Aha! What about that ball my uncle got me when I was a kid?

I dug it up and brought it down to Mr. Jarvis at the hobby shop (by the way, Mr. Jarvis — if you ever see me on the street, you’d best start running the other way right quick) who proceeded to give me what I know now to be the biggest bullshit story imaginable, about how this ball was actually worth less than it would be if only one person signed it in the sweet spot, and no, the fact that all of the 1986 Mets were on this ball and it’s probably the only one of it’s kind in the world doesn’t necessarily mean it’s valuable. What were you looking for in trade? You don’t know? Well, tell you what I’ll do. How about those wheels I saw you looking at? You will? It’s a deal? Super!

I left without that ball, and with a set of Santa Cruz dots (skateboard wheels). 92a, 56mm, probably bragging to all my friends what a deal I just got and what a sucker Mr. Jarvis was.

By the time I came back to baseball and the Mets, it was too late. I’d done some halfhearted searching trying to find that ball again, but of course it was gone by now, there’s no finding that thing again. Somebody somewhere was now as lucky as I had been.

Not a day passes now when I don’t freeze dead in my tracks, cringe, and take a minute to contemplate what surely is the dumbest thing I ever did.

Thanks to youthful angst, thanks to an opportunistic jerk at the hobby shop teaching me a hard lesson, and thanks to the 1986 Mets being the greatest team in the history of ever, my misery index is through the roof.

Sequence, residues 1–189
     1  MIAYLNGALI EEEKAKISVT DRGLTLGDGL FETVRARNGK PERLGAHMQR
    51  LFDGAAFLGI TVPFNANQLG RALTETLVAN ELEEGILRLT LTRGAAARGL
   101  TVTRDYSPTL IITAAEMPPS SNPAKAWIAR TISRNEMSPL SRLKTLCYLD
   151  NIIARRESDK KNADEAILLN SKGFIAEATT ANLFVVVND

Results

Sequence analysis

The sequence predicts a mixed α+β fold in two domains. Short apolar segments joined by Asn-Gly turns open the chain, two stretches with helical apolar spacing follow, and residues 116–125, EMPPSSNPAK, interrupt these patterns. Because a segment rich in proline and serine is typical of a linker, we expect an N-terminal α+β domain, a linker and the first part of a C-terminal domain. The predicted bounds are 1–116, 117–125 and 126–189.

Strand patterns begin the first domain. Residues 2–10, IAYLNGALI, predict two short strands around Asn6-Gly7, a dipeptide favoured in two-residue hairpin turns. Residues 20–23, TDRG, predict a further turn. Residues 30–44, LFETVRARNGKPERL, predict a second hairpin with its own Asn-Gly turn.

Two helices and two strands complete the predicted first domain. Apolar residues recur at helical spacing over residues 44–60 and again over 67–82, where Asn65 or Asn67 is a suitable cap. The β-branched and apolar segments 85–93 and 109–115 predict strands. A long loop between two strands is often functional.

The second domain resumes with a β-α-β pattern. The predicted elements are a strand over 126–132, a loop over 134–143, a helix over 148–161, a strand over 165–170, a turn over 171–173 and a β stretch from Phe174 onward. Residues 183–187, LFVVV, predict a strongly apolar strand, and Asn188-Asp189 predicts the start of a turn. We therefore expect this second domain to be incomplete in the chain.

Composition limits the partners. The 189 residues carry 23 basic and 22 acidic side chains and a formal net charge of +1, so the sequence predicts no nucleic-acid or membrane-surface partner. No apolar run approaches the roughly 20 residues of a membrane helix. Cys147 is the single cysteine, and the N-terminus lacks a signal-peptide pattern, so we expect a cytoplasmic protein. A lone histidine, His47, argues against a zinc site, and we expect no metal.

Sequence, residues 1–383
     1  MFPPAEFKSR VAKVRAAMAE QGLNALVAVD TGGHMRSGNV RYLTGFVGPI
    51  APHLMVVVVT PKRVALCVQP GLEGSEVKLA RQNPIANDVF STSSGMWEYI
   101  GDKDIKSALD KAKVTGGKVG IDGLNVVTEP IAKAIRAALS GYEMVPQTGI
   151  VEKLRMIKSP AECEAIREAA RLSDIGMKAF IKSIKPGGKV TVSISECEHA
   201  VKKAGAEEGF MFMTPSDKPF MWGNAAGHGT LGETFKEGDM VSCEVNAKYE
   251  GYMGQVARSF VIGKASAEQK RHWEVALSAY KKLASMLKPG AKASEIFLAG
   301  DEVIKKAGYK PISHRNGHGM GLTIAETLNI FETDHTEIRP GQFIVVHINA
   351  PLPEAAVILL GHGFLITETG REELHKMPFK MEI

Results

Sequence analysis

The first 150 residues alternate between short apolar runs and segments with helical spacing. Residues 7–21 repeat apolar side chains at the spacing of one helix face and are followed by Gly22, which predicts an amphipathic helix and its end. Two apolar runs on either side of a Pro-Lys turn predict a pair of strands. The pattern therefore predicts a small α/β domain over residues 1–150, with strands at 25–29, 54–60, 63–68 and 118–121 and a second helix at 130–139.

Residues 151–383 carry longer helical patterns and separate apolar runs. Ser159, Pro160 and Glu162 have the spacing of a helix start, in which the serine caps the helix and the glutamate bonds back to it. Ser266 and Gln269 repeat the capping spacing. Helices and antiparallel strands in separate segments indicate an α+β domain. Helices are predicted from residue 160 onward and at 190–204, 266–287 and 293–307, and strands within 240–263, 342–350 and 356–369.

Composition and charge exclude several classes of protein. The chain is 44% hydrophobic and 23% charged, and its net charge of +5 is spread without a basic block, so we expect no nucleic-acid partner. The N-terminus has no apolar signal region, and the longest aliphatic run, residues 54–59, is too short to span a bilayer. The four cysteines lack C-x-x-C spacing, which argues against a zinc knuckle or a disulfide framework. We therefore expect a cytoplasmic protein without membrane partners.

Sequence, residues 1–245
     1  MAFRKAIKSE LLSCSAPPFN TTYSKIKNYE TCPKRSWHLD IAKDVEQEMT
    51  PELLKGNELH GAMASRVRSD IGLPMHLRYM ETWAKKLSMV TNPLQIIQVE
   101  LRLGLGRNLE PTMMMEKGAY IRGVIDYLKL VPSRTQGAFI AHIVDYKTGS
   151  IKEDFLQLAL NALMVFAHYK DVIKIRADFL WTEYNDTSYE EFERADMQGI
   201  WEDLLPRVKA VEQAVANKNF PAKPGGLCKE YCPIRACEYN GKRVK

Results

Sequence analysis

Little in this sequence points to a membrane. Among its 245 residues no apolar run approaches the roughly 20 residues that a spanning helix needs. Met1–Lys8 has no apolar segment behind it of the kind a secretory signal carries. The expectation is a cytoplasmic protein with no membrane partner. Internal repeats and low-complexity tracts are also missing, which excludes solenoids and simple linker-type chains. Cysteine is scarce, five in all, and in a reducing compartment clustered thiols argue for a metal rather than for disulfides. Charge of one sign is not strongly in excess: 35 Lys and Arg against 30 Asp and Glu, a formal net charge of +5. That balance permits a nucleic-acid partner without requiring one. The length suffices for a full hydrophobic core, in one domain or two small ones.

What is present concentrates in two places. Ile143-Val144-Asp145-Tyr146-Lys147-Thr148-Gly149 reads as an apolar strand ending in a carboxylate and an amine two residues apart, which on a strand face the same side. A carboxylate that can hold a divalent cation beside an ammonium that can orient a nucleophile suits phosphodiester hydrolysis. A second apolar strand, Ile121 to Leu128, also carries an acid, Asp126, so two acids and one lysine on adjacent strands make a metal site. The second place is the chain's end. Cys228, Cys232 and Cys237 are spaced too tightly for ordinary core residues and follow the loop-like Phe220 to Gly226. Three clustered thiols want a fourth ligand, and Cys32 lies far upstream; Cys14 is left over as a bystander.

And I don’t care if they win the next 10 Series. That’s where it’s gonna stay.

6 comments to When The Heart Rules The Mind

  • Anonymous

    Hey everyone. Support your team and its fans and sign this petition! Many fans across the country have charter digital cable. None of them will be able to watch the mets this season! So sign it and help out.
    http://www.petitiononline.com/NYMetSNY/petition.html

  • Anonymous

    Feel better Greg!

  • Anonymous

    Today's Afterschool Special was brought to you by Recovering Skatepunks Magazine and all the nice folks who make Bactine.
    Kids, are today's road rash and bad haircuts worth the Corvette you could be buying if you still had that baseball? Think hard, youngsters, and don't let this happen to you. Remember: Ass bruises and Rainbow hair are temporary; the Mets are forever.

  • Anonymous

    On a tangentially related matter, would anyone here care to offer some suggestions on how to handle a '69 autographed ball? My neighbor was a cop on the “Special Events Squad” and worked all the big Met games back then. He gave my dad a ball, purportedly signed by the entire team. I'm no expert. Seaver's signature looks like the one I've seen elsewhere. The ball is heavily lacquered, which has preserved all the signatures (while significantly darkening the ball).
    I don't want to get ripped off by some memorabilia shop wanker. I'm not even sure I'd want to sell it. But Miracle or no, I was three at the time so I'm not as attached to that team as I am to the '86 or 99-00 clubs, or even the '73 team – my earliest Met memory. If I could get a fair appraisal and find this is worth thousands, I'd at least have to consider it, no?

  • Anonymous

    I'll trade ya a skateboard for it!
    YES (brrrr) has a show hosted by Brandon Steiner, the sports marketing and memorabilia guru, that deals in this stuff. You might want to investigate that avenue. Warning: Watching YES for too many minutes at a time will turn you into a pillar of salt.

  • Anonymous

    I'll trade you a shoebox of Bones reds bearings for your skateboard! This way we might end up trading larger things like bicycles or cars. Wouldn't that be fun?